Can you travel during pregnancy? 5 essential tips to help you stay safe as a mummy-to-be.
Regardless of whether it’s a weekend getaway to Malaysia for some shopping and cafe-hopping, or a long trip to Europe where we can enjoy the cold weather, we Singaporeans love to travel.
But for all the mummies-to-be out there: can you travel during pregnancy? And what should you keep in mind if you’re taking a trip while you’re pregnant? Read on to find out more!
Can you travel during pregnancy?
Whether you can travel during pregnancy depends on two things: firstly, how heavily pregnant you are; secondly, if you’re having a high-risk pregnancy.
Generally speaking, it’s safe for women in their first and second trimesters to travel. If your plans are flexible, we recommend travelling in your second trimester instead of the first. Because your body will be undergoing plenty of hormonal changes in your first trimester, you might experience more nausea than usual during your trip. In your second trimester, however, your nausea (if any) should have subsided, and you should have more or less adjusted to your pregnancy.
Why shouldn’t you travel during your third trimester? Well, in your third trimester, your baby will grow a lot heavier, resulting in backaches, leg cramps, breathlessness and general fatigue on your end. Bearing this in mind, you’ll need to get ample rest, and it’s not feasible for you to spend your days exploring a foreign country.
Also: in order to ensure the safety of their passengers, some travel providers impose travel restrictions based on how far along you are in your pregnancy. For instance, Bintan Resort Ferries will not take on any passengers who are further along than 28 weeks, and Royal Caribbean Cruises mandates that its pregnant passengers should be 24 weeks pregnant at the maximum.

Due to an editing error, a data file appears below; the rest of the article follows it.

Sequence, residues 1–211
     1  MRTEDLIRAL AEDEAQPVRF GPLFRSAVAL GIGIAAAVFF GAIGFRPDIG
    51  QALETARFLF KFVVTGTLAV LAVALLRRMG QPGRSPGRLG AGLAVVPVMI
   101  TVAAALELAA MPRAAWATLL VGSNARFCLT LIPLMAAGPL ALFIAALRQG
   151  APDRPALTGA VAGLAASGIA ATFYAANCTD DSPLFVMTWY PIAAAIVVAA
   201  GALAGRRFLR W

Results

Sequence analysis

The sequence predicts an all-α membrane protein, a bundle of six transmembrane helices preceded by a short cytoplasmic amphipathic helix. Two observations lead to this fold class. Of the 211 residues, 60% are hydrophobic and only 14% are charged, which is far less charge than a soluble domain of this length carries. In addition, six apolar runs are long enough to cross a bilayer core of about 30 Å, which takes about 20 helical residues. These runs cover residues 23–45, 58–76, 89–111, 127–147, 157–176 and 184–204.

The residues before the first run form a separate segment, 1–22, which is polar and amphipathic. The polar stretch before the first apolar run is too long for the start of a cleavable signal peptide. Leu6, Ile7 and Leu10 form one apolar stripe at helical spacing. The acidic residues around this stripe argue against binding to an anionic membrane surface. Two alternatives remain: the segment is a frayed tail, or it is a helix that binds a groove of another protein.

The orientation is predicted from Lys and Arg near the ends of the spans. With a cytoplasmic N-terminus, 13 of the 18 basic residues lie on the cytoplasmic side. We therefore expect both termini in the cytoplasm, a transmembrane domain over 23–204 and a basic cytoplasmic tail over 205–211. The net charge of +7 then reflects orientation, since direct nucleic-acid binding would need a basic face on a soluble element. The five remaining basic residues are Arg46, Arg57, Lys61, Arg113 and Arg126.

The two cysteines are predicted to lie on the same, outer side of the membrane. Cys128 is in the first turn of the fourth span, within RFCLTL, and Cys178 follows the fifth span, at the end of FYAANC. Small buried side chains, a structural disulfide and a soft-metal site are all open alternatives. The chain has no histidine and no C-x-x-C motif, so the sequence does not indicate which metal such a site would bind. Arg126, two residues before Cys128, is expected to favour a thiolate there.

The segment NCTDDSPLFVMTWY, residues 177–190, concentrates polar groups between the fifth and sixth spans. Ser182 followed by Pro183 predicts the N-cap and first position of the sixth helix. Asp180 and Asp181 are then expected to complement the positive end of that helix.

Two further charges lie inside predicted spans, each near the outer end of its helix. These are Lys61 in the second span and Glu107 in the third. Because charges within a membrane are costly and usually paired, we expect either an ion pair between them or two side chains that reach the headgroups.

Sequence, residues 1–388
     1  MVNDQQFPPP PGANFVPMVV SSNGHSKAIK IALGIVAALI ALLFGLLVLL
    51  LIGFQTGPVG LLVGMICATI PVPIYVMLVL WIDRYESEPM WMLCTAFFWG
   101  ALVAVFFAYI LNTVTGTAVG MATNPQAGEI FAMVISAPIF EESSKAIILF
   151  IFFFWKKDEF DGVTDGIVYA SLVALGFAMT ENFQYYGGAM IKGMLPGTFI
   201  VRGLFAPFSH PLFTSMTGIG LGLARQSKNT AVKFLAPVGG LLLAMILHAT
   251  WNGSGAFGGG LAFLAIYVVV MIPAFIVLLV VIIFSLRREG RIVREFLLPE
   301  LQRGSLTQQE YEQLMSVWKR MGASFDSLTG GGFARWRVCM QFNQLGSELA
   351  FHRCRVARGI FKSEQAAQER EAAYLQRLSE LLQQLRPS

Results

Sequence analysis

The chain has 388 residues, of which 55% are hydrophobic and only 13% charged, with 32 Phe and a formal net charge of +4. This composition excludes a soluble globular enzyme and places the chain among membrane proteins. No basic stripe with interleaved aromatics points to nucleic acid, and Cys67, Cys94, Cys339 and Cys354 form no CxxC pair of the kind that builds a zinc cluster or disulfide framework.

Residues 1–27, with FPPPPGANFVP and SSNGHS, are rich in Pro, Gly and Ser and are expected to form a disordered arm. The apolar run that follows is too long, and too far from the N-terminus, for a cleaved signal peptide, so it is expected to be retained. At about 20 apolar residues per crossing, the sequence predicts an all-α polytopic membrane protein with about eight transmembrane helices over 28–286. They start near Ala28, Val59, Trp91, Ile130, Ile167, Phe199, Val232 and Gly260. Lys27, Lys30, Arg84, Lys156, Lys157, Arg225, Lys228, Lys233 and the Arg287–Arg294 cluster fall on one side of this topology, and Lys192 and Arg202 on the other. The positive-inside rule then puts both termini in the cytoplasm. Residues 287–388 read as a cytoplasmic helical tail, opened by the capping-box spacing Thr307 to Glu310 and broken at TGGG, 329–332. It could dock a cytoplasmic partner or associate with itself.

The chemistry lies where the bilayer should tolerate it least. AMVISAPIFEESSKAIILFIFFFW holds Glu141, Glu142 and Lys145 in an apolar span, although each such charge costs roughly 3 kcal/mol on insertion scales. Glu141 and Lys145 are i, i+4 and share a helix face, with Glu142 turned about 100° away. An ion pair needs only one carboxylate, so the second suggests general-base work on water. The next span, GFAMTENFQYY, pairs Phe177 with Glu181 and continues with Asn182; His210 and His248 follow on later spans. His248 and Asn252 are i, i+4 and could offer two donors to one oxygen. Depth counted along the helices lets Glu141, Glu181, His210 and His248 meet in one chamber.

Checking in with your ob-gyn
Even if you’re in your second trimester, and you don’t have any nausea, you should still get the go-ahead from your ob-gyn if you want to travel during pregnancy.
Why is this the case? Well, if you’re undergoing a complicated pregnancy with risk factors for premature labour, then your ob-gyn might advise you to not travel (or to stop travelling earlier on in your pregnancy).
If you have conditions such as gestational diabetes, then your ob-gyn will also have to advise you on how to manage your condition whilst you’re travelling.
Want to travel during pregnancy? Here are some tips for a safe journey:
#1: Don’t travel far.
Long-haul flights are uncomfortable for most folks, but they can be a downright nightmare for pregnant women. More specifically: pregnant women who fly for more than eight hours at a time have a higher risk of developing Deep Vein Thrombosis (DVT), a condition where a blood clot forms in your leg or calf.
There are certain things you can do to mitigate DVT, such as stretching and standing up to walk every so often when you’re in your flight. That said, the wisest thing to do here would be to just avoid long-haul flights altogether.
#2: Pay more to get an aisle seat.
Taking a budget airline? It makes sense to pay that extra amount to secure an aisle seat. This way, you’ll be able to take frequent trips to the bathroom, and stand up and stretch your legs whenever you need.
#3: Avoid cruise ships.
A cruise might sound like a relaxing holiday, but assuming your motion sickness sets in, this will pretty much ruin your entire trip.
If you’ve been on a cruise before, you’re past your period of morning sickness, and you’re confident you can handle it, go ahead. But if this is the first time you’re going on a cruise, we recommend re-considering your options.
#4: Steer clear from developing countries.
This one’s fairly straightforward – high-quality medical care might not be readily available in developing countries, so postpone your more adventurous trips for another occasion.
It’s also worth noting that not all vaccinations are safe for pregnant women, so it also pays to avoid places that require you to get vaccinated before you travel.
#5: Maintain a balanced diet
Bring along your prenatal vitamins, and try to book accommodation that’s near a supermarket or minimart. This way, you can purchase fruits and vegetables to consume on your trip.
At the same time, don’t eat at street side stalls, or try any food that looks dubious. This is not the time to be coming down with food poisoning!